Throughout the day's activities,which ended withapresident's Committee dinner at FedHall both Dr. Wright and Mr. Davis downplayed any differences they might have on the question of government funding for Ontario universities. Addressinga conference the day before (April 15). Dr. Wright had stated that the Ontario government provides universities with "the lowest level of support of any of the provinces." The next day, though, he said he had made a "general plea" for more money from all possible sources -- governments, private sector, graduates - and was not necessarily targeting Queen's Park for criticism. For his part, Davis noted that it is natural for Dr. Wright to seekhigher funding and that it would be "unfortun;tte if a (universty) president &dn't ask for more money."

No taxation on menstruation Cathy McBride JULY 16, 1982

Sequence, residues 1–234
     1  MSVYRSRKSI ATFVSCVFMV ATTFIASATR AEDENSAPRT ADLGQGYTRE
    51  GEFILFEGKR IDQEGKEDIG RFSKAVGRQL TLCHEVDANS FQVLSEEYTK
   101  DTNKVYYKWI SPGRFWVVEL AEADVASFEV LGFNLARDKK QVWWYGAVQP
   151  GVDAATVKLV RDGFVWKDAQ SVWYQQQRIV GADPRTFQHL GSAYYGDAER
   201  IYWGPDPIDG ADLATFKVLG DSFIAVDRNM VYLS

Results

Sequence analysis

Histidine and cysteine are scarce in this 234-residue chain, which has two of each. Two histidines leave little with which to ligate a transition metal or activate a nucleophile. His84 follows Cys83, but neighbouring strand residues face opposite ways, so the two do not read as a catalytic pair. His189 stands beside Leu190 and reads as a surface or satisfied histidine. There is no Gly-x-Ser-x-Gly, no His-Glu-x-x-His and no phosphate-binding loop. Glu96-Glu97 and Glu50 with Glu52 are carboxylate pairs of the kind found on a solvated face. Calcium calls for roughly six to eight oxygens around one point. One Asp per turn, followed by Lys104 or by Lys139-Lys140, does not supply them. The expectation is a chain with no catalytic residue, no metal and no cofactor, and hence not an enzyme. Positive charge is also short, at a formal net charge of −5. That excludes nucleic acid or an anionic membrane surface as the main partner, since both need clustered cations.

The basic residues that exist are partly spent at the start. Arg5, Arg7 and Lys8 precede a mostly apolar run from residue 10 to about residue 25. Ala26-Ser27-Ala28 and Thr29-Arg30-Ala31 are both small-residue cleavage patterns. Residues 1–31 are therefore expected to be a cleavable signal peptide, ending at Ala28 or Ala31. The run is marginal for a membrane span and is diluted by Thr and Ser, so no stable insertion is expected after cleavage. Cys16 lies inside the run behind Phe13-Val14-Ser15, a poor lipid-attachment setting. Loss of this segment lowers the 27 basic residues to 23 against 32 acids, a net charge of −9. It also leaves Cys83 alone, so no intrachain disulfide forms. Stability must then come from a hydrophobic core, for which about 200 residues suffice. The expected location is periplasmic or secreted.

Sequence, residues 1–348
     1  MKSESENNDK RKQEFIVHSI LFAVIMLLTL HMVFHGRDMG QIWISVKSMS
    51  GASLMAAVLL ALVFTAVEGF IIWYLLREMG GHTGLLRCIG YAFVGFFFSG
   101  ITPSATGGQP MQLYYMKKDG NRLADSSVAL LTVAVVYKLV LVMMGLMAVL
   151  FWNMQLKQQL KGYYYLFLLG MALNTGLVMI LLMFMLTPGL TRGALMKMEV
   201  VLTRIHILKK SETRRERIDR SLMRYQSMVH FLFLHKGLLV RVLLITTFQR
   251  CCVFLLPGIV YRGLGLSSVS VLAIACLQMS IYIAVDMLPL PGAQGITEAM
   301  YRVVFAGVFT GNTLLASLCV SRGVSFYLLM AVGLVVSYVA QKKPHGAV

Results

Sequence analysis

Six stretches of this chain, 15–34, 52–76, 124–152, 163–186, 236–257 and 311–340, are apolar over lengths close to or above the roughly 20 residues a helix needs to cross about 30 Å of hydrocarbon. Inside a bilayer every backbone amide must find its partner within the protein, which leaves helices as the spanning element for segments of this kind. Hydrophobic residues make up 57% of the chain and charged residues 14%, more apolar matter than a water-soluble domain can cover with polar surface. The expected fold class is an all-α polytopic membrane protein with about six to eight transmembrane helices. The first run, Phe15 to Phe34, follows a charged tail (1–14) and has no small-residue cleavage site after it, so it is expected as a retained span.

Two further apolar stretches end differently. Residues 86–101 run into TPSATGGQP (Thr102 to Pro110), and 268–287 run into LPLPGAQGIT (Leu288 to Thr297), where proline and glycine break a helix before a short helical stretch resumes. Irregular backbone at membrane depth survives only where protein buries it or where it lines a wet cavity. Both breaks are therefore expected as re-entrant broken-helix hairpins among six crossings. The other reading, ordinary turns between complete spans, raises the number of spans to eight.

Wearing buttons with slogans like "No taxation for Menstruation," Barbara Saunders marched to the steps of the OntarioLegislaturelastmonth. Her expected support was not evident, but Saunders was a demonstration in herself. For four weeks previous, Sunders had been circulating her "Petition Against the Budget," mainly in protest of the new tax on feminine hygiene products such as tampons and sanitary napkins. In those weeks, she collected approximately 5000 signatures from all over Southern Ontario. Saunders said that the petition really circulated itself. She started the ball rolling by sendingit to women's groups and universities; these organizations passed it on themselves. Saunders' next step was to the Legislature where she presented the petition to Herb Epp, MPP for Waterloo North. She had hoped to have supporters with her at the legislature, but because of time restrictions the planned rally never really materialized. However, Saunders was quick to point out that despite the lack of visibility, the support for the petition was and is still there. The petitionis stillin circulation and Saunders has been collectingcomrnents from the signees. Many see the tax as another form of discrimination against women: "It is shocking that the provincial government discriminates against women by exploiting a biologicallyintrinsic function of females from which the government expects to collect taxes to pay for bureaucratic nonsense," was one comment from Toronto.